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Most of us savor our Easter weekends for the opportunity to celebrate faith, enjoy the spring weather, and visit or video chat with family members and friends. Come Monday morning, it’s back to old routines.

That’s not the way it worked for many decades in Lewes, Del. Between who-knows-when and the 1960s, the day after Easter was a civic holiday of the first order in that town, ranking right up there with Christmas and the Fourth of July. Stores closed. Banks closed. Government offices shut down.

Lewes was a ghost town on Easter Monday because pretty much everyone hopped onto decorated carriages and carts or tromped two miles by foot to the “Great Dune” at Cape Henlopen. There, a rollicking party unfolded from dawn until dusk. Back in town, the celebrations continued in a run of nighttime afterparties. The Wilmington Evening Journal of April 14, 1925:

“The boys and girls needed no clock to awaken [from] their slumbers [on Easter Monday] morning, for long before the sun peeped over the mighty Atlantic and kissed the silver sands of Cape Henlopen, Lewes was astir with preparations for the big event.”

No road had been built out to Cape Henlopen at that point, so newfangled automobiles were of no use. Folks gathered at the end of South Street. From there, some would make the two-mile trek on foot in raucous groups. Others went for an “old straw ride” atop a wagon pulled by “prancing mule teams, made musical with necklaces of sleigh bells.” Still others opted for traditional horse-and-carriage journeys.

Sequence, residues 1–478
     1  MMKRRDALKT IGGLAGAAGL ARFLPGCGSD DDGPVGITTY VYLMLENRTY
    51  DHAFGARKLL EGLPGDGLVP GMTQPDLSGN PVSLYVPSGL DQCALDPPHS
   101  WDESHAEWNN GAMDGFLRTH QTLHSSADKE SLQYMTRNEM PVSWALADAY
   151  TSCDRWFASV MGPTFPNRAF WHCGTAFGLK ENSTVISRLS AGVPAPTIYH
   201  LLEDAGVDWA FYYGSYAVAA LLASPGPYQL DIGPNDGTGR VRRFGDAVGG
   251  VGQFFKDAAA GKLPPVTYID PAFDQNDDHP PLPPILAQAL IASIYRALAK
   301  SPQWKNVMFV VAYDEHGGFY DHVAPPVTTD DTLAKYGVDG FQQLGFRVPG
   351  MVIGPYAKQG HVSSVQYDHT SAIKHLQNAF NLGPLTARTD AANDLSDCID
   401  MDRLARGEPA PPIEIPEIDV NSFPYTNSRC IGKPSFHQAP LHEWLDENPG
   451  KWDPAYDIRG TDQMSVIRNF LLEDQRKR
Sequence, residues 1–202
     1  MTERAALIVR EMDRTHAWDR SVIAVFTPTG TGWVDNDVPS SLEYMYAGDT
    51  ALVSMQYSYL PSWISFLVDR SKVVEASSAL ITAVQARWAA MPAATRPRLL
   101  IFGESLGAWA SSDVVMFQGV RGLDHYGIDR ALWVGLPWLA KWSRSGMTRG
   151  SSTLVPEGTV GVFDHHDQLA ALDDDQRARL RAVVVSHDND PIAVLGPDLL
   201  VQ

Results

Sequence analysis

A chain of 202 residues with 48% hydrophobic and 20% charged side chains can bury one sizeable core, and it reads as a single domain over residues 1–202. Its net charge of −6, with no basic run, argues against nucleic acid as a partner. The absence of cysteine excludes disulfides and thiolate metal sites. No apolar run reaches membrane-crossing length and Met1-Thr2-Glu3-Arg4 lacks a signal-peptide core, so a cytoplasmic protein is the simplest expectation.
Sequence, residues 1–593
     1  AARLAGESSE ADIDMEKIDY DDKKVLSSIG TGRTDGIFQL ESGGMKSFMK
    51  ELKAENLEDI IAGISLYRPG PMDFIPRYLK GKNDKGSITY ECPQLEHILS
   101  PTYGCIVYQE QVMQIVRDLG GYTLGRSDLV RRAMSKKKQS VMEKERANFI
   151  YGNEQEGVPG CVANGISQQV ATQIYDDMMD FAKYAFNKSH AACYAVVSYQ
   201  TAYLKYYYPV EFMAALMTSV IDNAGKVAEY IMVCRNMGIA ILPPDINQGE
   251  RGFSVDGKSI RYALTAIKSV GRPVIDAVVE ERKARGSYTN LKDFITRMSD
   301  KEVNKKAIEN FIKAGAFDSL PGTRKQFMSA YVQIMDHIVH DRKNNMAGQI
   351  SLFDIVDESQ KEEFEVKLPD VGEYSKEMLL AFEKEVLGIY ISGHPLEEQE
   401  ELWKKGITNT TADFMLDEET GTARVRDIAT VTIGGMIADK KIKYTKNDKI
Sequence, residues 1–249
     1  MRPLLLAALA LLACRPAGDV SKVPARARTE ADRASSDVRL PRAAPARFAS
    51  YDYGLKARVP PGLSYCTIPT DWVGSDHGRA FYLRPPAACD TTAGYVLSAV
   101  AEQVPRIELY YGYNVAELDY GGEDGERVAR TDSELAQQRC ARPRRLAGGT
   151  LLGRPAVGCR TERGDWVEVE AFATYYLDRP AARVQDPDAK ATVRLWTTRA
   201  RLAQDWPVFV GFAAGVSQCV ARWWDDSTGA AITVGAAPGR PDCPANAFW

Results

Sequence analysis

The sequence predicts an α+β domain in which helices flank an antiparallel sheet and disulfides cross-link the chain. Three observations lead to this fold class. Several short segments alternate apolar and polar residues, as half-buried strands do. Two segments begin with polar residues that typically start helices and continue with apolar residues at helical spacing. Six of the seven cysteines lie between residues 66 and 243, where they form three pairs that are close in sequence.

The day that followed was all fun and games. From the top of the famous “Great Dune,” children would roll Easter eggs down in a big race for prizes. Once that ended, children would start hurling themselves down the dune. Then adults would join in the sand-rolling. From that same article:

“A large hill with a gentle slope of more than sixty feet of loose sand offers the temptation of taking a slide to the bottom which no one can resist, regardless of age. To go to the Sand Hill on Easter Monday and not slide down the banister of sand is an omen of bad luck as well as a betrayer that age is indeed present.”

The article added that many who are not willing to roll under their own power “are assisted by the fellows.”

Some of the articles I reviewed about this tradition said that it dated back “as long as anyone can remember.” Others pegged the background at 100 years. A couple articles claimed 200 years. One went further, saying that it dated back to old England, and beyond–as it speculated that the Brits had picked up the idea during the Crusades. (No actual evidence was given for any of these claims.)

Cape Henlopen Lighthouse on the EdgeWhen the Delaware Coast News wrote about the tradition on April 7, 1939, they were doing a version of what I’m doing here–recalling Easter Mondays of days gone by.

“Oldsters of this town recall their first pilgrimage to the historic site at the mouth of the Delaware Bay where once stood the ancient Cape Henlopen lighthouse that fell into the sea in 1926. Early starts were made before sunrise. They must ford the marsh areas over three miles in oxcarts and hay-filled wagons.”